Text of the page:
“The person in recovery begins to realize that their family was supporting them all along, and families begin to view addiction as a disease. They see that their loved one wasn’t doing it to hurt anyone. Perspectives and opinions change and families get stronger,” Missy Owen said.

The Zone’s name came about from her husband’s experience of coaching youth baseball. Before each game, he always told his players to ‘get in the zone’ and focus,” she said. “It’s the same with recovery. You need to stay focused to win.”

She wants to make heroin and substance use disorder “public conversations” in order to make a difference.

“Heroin causes one of the most severe forms of addiction. The stigma of a heroin addict and rehabilitation for them is outdated and needs to be changed,” she said.

Addiction can tear a family apart, even if the family is strong, added Michael Owen.

“We want to help people learn through our mistakes because we were amateurs. We didn’t know what we didn’t know.”

For the average family, he said opioid addiction is a disease that can’t be seen or measured.

‘Be a Hero’

Michael Owen said the stigma surrounding addiction is that it is a moral lifestyle choice.

“There’s a lot of unforgiveness and that’s hard to overcome,” he said. “The world of addiction is one they didn’t want to be a part of. If you haven’t lived through something like this, and you’re not aware of what that person is dealing with as far as this disease, it can cause a downward spiral for both the family and the addict.”

Michael Owen left a Fortune 500 career in 2018 to help his wife manage The Zone’s operations.

“You’re so busy chasing your child, wanting to know where they are, who they’re with, where they’ve been, looking at bank accounts — you forget to invest in education to know how to help,” Missy Owen said. “You just want to know, are they safe? Are they alive? Are they in a good place or a bad place? You feel like you don’t have time to research and learn how to help.”

Michael Owen said that’s the beauty of what this organization provides.

“The organization is about looking forward, not looking into the rear view mirror. That’s what a lot of families do, but it doesn’t help anybody,” Michael said.

Families sometimes need a perspective from someone not in that mix of emotions and upbringing, to take a step back and help them make good decisions, he said.

“My son wrote a letter just before we placed him in rehab. His last sentence said, ‘Dad, you’re a hero to me.’ I don’t have my son now. He died six weeks after leaving rehab. But you may be able to save or help your family member or friend and be a hero to them. I don’t know what that looks like for your family — whether it’s compassion, tough love, being sent away, maybe prison time. But somewhere in there you’ve got to learn to be a hero,” he said.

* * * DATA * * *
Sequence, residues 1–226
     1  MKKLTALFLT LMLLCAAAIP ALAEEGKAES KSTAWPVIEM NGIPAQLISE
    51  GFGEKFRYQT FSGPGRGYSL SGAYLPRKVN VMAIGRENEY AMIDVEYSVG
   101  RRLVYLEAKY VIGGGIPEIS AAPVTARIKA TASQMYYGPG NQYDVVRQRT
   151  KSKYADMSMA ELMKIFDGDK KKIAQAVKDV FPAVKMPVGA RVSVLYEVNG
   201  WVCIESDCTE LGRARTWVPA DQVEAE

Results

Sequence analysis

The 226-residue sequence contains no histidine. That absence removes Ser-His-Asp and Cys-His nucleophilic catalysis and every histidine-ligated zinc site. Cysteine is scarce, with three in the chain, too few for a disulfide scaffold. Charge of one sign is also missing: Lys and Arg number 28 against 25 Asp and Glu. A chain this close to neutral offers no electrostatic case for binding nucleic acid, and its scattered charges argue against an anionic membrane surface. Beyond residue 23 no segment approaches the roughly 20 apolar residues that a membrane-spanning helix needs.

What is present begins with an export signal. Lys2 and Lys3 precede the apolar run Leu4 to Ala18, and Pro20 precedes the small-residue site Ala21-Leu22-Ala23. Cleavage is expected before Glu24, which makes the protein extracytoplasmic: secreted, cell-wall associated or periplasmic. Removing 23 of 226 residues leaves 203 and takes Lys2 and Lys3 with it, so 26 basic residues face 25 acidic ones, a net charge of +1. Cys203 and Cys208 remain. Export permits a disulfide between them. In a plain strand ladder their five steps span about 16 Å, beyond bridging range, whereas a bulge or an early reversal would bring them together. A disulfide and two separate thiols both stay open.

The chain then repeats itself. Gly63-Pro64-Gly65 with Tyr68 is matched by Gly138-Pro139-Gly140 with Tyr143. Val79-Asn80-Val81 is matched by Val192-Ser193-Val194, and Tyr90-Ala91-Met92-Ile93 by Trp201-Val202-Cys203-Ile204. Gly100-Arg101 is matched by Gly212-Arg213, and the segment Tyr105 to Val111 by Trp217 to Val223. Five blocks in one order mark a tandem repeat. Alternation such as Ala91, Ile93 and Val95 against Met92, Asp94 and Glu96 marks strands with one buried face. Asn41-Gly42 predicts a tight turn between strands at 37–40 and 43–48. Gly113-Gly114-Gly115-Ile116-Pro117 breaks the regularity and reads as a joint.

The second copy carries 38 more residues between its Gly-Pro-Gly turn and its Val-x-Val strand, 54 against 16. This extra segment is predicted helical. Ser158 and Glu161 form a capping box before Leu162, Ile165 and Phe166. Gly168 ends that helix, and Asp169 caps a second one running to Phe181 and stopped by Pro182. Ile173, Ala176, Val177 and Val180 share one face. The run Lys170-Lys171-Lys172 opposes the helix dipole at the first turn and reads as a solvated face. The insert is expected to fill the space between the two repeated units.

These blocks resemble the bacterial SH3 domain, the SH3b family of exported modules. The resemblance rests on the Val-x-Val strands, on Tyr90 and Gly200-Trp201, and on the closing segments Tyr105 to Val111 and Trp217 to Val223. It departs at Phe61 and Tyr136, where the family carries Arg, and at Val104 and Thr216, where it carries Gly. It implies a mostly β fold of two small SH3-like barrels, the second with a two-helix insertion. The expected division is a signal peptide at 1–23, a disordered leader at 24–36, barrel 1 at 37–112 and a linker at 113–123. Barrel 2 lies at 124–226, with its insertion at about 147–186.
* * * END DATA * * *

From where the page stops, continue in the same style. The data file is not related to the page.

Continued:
The Zone’s leaders and staff have the goal to enhance the quantity and quality of support available to people seeking long-term recovery from addiction, Missy Owen said.

“We focus on the solution rather than a particular service or model of care. We meet people where they are.”

While the foundation receives some financial help from state programs, the bulk of The Zone’s support comes from local businesses, churches, individual donors and civic organizations.

“Support from this community has been immense. Everybody knows someone

who’s been affected by addiction,” she said.

The Zone now serves as a model for similar operations in 12 other U.S. cities, thanks to the foundation’s replication materials that provide step-by-step guides. Each will be named “The Zone,” she said.

“Peer support is an evidenced-based approach to recovery that works exceedingly well. The national recidivism rate with opioid addiction — those who relapse and return to the criminal justice system again and again — is astronomical. We believe that after-care from rehabilitation or incarceration is essential for those in recovery to stay in recovery,” she said. “We miss Davis every day, but we celebrate in knowing he’s in heaven. He’s with God, and that gives our family comfort. I believe he would be very proud of what we’re doing.”